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Kurt Ritter

Kurt Ritter
Professor Emeritus
Contact
  • kurt_ritter@tamu.edu

Introduction

Dr. Ritter’s principal contributions to Texas A&M University (1982-2014) were to create the Department of Communication and its undergraduate degree, and to help develop the department’s graduate program. He assisted the department in building a nationally recognized faculty and an outstanding student body. In addition to achieving those goals, he also engaged in award-winning research and teaching.

Bio

After I served in the U.S. Air Force (1967-1971), and as a faculty member at the University of Illinois at Champaign-Urbana (1973-1979) and the University of Missouri-Columbia (1979-1982), Texas A&M University appointed me to its faculty with the assignment to establish and develop a communication department worthy of a major university. At that time Texas A&M had only a few courses in our field (introductory classes on oral communication skills) and had no academic program in our field—not even an undergraduate minor. The B.A. in communication began in October 1984 and the department officially opened in 1985.  While I served as the first Department Head and subsequently in a variety of other departmental roles, I worked with fellow faculty members to expand our department to include undergraduate degrees in telecommunication media studies, and to establish the department’s M.A. and Ph.D. degrees.  Following my retirement, I compiled materials on the history of the department, which the department submitted to the Texas A&M University Archives (Cushing Library) in 2014.

Research: My research focuses on American political rhetoric, which reflects my B.A. in history (1965), as well as my M.A. in communication (1966), and my dual Ph.D. in communication and American studies (1974).  My research seeks to discover continuity and change in the substance and form of American political rhetoric from the colonial era to the modern presidency—an interest reflected in my first book, The American Ideology: Reflections of the Revolution in American Rhetoric, 1978 (co-author with James R. Andrews), which received the National Communication Association’s (NCA) Winans-Wichelns Award for Distinguished Scholarship in Rhetoric and Public Address.  My subsequent research explored continuity and change in genres of American presidential rhetoric. With initial funding from the NCA’s Karl R. Wallace Memorial Research Award, I completed studies of American inaugural addresses, presidential debates, election concession and victory speeches, and election campaign jeremiads which appeared as journal articles and book chapters, as well as in my book, Ronald Reagan: The Great Communicator, 1992 (co-author with David Henry). Through my research on presidential rhetoric, I became interested to the role of speechwriters in modern presidential communication, which is reflected in my Texas A&M University Press book, Presidential Speechwriting: From the New Deal to the Reagan Revolution and Beyond, 2003 (co-editor with Martin J. Medhurst).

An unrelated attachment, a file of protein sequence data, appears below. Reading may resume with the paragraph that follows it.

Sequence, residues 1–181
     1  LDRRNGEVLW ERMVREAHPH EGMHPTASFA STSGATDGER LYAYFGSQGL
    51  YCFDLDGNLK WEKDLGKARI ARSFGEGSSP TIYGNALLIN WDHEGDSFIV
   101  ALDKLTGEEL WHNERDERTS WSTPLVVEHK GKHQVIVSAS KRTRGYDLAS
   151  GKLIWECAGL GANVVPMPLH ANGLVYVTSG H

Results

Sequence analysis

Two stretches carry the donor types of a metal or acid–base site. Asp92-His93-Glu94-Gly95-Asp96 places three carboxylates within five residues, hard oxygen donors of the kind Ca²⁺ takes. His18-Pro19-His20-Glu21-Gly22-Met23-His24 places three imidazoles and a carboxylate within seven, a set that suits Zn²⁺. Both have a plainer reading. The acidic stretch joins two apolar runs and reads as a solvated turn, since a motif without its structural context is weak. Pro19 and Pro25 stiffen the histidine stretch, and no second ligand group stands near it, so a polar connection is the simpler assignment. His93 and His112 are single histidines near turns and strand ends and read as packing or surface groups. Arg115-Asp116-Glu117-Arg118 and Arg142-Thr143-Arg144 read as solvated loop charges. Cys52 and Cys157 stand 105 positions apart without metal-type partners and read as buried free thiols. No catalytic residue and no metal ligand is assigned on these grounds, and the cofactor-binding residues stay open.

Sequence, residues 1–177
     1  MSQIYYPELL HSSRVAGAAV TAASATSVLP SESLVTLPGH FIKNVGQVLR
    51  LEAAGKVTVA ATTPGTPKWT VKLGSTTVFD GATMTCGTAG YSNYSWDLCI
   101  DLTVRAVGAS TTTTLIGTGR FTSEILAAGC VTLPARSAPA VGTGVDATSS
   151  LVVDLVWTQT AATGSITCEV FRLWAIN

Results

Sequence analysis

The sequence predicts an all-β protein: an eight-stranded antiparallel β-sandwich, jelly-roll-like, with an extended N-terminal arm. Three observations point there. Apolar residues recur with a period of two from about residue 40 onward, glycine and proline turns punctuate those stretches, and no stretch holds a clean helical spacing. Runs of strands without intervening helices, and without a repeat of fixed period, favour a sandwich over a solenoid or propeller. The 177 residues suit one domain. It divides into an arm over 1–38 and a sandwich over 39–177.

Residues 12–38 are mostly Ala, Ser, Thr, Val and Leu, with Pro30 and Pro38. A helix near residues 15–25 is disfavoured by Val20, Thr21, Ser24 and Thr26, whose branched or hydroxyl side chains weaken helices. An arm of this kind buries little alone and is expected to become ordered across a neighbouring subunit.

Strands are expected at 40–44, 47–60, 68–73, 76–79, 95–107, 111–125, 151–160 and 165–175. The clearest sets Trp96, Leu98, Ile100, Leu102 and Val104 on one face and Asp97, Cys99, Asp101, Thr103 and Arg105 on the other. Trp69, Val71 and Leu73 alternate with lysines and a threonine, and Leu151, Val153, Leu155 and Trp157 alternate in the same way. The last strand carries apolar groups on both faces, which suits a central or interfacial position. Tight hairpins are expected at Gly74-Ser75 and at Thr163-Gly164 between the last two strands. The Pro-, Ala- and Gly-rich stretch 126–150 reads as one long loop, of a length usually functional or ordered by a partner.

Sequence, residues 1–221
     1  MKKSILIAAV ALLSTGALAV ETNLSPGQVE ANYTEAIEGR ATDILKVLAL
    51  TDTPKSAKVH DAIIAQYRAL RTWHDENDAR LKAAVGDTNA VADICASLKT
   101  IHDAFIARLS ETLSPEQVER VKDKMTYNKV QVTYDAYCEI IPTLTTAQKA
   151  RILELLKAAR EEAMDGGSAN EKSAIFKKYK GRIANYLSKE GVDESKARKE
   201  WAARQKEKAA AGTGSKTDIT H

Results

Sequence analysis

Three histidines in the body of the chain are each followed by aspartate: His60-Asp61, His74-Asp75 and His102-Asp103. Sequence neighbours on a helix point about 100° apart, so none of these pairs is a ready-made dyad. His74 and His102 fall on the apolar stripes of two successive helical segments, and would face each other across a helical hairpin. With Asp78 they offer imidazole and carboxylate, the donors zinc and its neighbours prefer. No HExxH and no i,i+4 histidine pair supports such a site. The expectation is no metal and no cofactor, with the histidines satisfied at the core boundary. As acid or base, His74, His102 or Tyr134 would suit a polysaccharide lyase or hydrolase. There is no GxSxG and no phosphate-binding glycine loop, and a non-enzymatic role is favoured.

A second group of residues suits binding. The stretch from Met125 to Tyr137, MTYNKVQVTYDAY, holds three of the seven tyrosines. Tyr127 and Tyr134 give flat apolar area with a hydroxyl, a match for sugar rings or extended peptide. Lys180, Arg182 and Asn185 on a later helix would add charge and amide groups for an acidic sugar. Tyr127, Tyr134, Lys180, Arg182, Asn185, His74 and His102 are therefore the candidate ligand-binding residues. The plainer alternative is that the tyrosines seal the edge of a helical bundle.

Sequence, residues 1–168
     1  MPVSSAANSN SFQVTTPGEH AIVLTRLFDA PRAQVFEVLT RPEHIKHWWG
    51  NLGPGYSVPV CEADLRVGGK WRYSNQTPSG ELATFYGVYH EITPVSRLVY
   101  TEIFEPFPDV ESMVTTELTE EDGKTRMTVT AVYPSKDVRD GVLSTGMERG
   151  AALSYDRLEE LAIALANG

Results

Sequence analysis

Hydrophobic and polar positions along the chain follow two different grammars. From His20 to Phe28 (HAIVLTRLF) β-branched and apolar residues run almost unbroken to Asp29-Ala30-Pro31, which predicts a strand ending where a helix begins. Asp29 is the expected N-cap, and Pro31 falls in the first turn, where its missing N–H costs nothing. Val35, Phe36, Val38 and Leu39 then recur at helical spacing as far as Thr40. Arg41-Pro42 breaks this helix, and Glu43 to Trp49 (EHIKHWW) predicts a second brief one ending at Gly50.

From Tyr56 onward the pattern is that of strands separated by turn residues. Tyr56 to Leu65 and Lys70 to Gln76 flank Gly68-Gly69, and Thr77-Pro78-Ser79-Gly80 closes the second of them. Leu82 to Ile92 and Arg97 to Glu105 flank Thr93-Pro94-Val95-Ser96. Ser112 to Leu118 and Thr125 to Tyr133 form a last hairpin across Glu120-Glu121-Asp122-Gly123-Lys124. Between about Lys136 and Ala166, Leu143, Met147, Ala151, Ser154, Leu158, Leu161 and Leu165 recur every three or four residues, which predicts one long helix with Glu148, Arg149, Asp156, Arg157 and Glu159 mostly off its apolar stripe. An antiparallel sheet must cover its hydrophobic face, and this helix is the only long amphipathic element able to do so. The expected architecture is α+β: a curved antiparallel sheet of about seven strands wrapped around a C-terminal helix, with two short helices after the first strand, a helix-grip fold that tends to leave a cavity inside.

Teaching: During three decades at Texas A&M University I taught 26 different courses, which constituted over 100 semester-long classes and an aggregate of approximately 6,000 students.  My final course was part of our department’s first “COMM to Italy” study abroad program (2013).  I enjoyed teaching a wide range of courses, which varied from freshmen classes to graduate seminars.  I regularly taught honors undergraduate classes, including a variety of interdisciplinary courses.  Late in my career I held a joint appointment in the Department of Communication and the University Honors Program, where I served as the Associate Director (2005-2009).  My teaching received recognition from colleagues and students, including the Texas A&M University Association of Former Students’ Distinguished Achievement Award in Teaching, and the Amoco Foundation’s Distinguished Teaching Award.

Epilogue: After 32 years in Aggieland, my wife and I have departed Texas in order to be closer to our family in the Washington, DC, metropolitan area.   Even as I attend to the abundance of political rhetoric in my new hometown, I also observe with interest and pride the communication department’s many impressive activities and achievements.